Exchange of papers between Leibniz and Clarke – Clarke’s first reply (26 November 1715)

This literary exchange between Isaac Newton’s close friend, the philosopher Samuel Clarke (1675-1729) and German natural philosopher Gottfried Wilhelm Leibniz (1646-1716) illustrates a fundamental historical link between republicanism and humanism. Viewed as a twin threat by the traditional ‘King and Church’ establishment they shared a common notion that facts and social structures should be determined by reason, being open to contestability and revision.

Modern republicanism and humanism were born in the same intellectual space. Inspired by the ethical and political writings of the classical world, especially the Greeks Aristotle and Polybius and the great Roman senator and lawyer Marcus Tullius Cicero they share a common heritage in the Renaissance. Indeed, Classical Republicanism was often used as a synonym for Civic Humanism. Since these beginnings in the Italian City States of the 15th and 16th centuries, republicanism and humanism have drifted apart slightly in terms of their objectives, with modern republicanism placing the advancement of liberty in political and constitutional terms as its central concern. This allows members of religious groups such as Quakers to espouse republicanism but not humanism.

So what were the historical commonalities and how are they reflected today? Central to the concern of Renaissance thinkers such as Niccolo Machiavelli was the provision of a public space as an environment for human fulfilment. Living in tumultuous political circumstances, Machiavelli was principally concerned with power and the responsibilities of those who wielded it to build a safe and secure society for all citizens. But during the seventeenth century, especially in England and Scotland, republicans started to build a case focusing on rights, albeit on the same foundation of public spaces.

Along with a concern for individual rights came an eagerness to question assumptions, to accept no authority as sacrosanct. As J.G.A. Pocock put it:

“…the Enlightenment generally [was] based on a complete rejection of prophecy, revelation and the Hebrew mode of thought at large.”

J.G.A. Pocock (1975) The Machiavellian Moment: Florentine Political Thought and the Atlantic Republican Tradition

Putting together the related issues of human rights and a rejection of uncontested authority provides a core set of shared republican and humanist values for the modern world. The Humanist UK main webpage (retrieved March 2018) features the following definition of humanism from the Cambridge Dictionary of Philosophy:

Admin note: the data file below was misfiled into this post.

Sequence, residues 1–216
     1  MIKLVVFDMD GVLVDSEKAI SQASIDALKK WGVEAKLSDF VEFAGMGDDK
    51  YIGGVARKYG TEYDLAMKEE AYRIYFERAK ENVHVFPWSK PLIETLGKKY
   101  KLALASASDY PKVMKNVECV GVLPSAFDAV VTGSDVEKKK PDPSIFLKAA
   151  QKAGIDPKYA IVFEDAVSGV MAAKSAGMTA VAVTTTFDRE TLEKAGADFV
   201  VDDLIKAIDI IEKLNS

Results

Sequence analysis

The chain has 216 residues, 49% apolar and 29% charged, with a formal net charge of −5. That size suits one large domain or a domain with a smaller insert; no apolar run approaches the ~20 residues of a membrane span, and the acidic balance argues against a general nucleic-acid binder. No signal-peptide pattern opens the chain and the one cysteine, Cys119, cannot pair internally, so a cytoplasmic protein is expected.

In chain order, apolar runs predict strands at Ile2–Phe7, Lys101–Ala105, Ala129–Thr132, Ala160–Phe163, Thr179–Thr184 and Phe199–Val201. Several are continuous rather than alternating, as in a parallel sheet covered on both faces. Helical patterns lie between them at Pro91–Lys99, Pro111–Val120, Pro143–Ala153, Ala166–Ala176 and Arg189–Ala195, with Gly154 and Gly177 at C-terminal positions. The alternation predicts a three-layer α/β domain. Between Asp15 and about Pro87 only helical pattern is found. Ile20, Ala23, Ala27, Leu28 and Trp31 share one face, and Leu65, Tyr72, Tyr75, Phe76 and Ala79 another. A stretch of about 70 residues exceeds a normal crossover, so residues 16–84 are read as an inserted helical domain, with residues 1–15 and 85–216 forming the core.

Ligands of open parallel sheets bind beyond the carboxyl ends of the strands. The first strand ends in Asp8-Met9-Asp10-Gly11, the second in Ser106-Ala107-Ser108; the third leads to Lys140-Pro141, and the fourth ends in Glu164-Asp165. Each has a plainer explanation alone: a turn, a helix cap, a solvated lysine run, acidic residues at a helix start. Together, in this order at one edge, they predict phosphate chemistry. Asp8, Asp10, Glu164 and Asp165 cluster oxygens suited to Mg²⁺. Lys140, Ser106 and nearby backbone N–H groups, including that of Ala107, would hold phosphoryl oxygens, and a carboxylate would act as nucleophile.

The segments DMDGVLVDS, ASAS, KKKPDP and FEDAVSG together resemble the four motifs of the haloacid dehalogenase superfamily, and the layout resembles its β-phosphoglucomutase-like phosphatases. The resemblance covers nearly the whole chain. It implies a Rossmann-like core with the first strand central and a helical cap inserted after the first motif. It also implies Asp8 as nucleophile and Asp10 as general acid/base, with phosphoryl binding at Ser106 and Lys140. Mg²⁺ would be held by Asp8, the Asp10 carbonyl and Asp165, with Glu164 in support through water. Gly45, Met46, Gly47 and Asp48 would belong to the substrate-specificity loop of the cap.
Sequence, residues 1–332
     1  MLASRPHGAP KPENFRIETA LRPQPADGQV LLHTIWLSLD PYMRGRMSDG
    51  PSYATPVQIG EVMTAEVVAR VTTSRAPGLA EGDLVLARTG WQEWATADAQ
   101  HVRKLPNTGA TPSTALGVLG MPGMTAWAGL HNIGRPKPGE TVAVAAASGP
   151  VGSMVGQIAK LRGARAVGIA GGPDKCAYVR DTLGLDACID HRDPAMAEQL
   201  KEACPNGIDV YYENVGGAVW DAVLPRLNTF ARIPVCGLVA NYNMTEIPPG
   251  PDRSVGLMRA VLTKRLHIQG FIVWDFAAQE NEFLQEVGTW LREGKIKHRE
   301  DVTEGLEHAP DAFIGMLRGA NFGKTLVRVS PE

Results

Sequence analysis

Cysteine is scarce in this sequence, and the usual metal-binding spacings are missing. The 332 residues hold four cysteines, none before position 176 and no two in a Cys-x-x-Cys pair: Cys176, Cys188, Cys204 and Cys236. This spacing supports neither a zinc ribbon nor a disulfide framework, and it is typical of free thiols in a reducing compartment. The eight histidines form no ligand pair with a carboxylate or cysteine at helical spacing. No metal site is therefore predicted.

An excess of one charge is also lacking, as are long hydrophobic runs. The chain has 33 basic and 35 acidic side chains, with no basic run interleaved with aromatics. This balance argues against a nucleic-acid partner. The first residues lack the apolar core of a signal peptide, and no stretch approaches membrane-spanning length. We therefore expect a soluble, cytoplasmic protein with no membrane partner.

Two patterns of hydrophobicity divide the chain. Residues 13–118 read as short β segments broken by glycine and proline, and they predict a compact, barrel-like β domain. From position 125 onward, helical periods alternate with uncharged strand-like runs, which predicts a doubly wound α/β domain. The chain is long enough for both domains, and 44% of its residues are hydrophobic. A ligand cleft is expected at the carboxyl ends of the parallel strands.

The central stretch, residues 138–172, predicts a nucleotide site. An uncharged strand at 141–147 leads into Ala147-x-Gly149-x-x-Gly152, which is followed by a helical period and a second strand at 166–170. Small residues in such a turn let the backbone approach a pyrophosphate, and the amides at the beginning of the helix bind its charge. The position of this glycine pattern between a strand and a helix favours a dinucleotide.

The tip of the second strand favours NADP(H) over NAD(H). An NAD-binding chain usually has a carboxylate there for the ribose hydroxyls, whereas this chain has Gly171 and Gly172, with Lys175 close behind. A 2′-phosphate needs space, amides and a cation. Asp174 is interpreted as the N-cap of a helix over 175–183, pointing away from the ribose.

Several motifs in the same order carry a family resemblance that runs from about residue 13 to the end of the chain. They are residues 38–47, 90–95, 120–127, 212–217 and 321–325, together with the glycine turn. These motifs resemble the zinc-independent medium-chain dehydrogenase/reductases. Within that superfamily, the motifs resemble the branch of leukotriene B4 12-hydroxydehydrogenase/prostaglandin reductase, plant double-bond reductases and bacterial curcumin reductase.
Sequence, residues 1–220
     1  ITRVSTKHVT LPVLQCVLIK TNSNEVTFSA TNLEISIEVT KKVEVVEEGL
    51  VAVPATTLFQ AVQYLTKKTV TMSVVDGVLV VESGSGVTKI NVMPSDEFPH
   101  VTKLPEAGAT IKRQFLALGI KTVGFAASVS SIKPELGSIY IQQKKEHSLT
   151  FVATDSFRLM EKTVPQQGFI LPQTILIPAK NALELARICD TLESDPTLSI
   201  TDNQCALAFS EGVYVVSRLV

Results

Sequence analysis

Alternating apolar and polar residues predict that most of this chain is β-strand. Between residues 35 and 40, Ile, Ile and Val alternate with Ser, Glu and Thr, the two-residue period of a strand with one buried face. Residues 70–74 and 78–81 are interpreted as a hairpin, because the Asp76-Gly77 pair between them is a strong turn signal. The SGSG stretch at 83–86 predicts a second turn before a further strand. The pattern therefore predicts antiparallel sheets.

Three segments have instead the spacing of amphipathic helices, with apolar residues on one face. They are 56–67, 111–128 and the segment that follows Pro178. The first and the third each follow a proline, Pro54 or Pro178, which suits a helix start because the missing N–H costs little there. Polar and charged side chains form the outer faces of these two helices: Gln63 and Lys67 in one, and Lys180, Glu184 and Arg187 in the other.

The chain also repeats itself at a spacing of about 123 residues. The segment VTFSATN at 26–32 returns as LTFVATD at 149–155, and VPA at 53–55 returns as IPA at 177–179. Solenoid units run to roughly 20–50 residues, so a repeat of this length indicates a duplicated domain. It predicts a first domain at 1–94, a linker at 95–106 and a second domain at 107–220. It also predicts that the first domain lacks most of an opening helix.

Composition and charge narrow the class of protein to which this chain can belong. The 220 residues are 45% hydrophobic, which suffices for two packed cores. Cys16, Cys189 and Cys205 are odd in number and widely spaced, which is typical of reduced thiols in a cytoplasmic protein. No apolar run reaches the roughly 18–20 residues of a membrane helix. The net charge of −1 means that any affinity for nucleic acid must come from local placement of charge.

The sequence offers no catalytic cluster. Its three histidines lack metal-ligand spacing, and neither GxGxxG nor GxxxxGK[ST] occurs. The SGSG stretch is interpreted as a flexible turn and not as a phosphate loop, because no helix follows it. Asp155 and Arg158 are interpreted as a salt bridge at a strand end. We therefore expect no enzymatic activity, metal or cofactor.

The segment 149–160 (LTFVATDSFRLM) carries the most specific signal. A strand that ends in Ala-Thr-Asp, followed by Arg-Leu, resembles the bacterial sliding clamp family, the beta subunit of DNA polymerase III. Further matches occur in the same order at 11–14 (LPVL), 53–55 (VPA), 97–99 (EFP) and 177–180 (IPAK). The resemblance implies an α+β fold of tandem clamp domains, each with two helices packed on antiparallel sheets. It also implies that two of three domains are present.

For a Humanist the crucial factor in deciding whether an action is moral is the welfare of humanity rather than the pursuit of the will of a deity or a sacred text.

There are two aspects of this statement which is reflected directly in republican thinking. Firstly, the word ‘deciding’ implies freedom of individual action, to weigh up evidence and come to a conclusion based on that evidence. Such an ability, free from coercion and the possibility of being punished in some way is part of the explicit goal of republicanism.

Secondly ‘welfare’ implies an interest in the general health and well-being of a group. This is a recurring republican theme, with thinkers such as Montesquieu emphasizing that a well-functioning republic requires widespread civic virtue, by which is meant the active participation of citizens united by a concern for the common good.

Over the past two decades political philosopher Philip Pettit has been instrumental in developing a modern view of Republicanism both as a theory of freedom and a system of government. Pettit has put forward what he calls the ‘eyeball test’ as one indicator of the level of freedom in a society. The test states that in an ideal society any individual should be able to look another squarely in the eye without fear or prejudice. This is yet another fundamental principle which the republican shares with the humanist, that each person should show respect to his or her fellows irrespective of class, political, racial or religious background.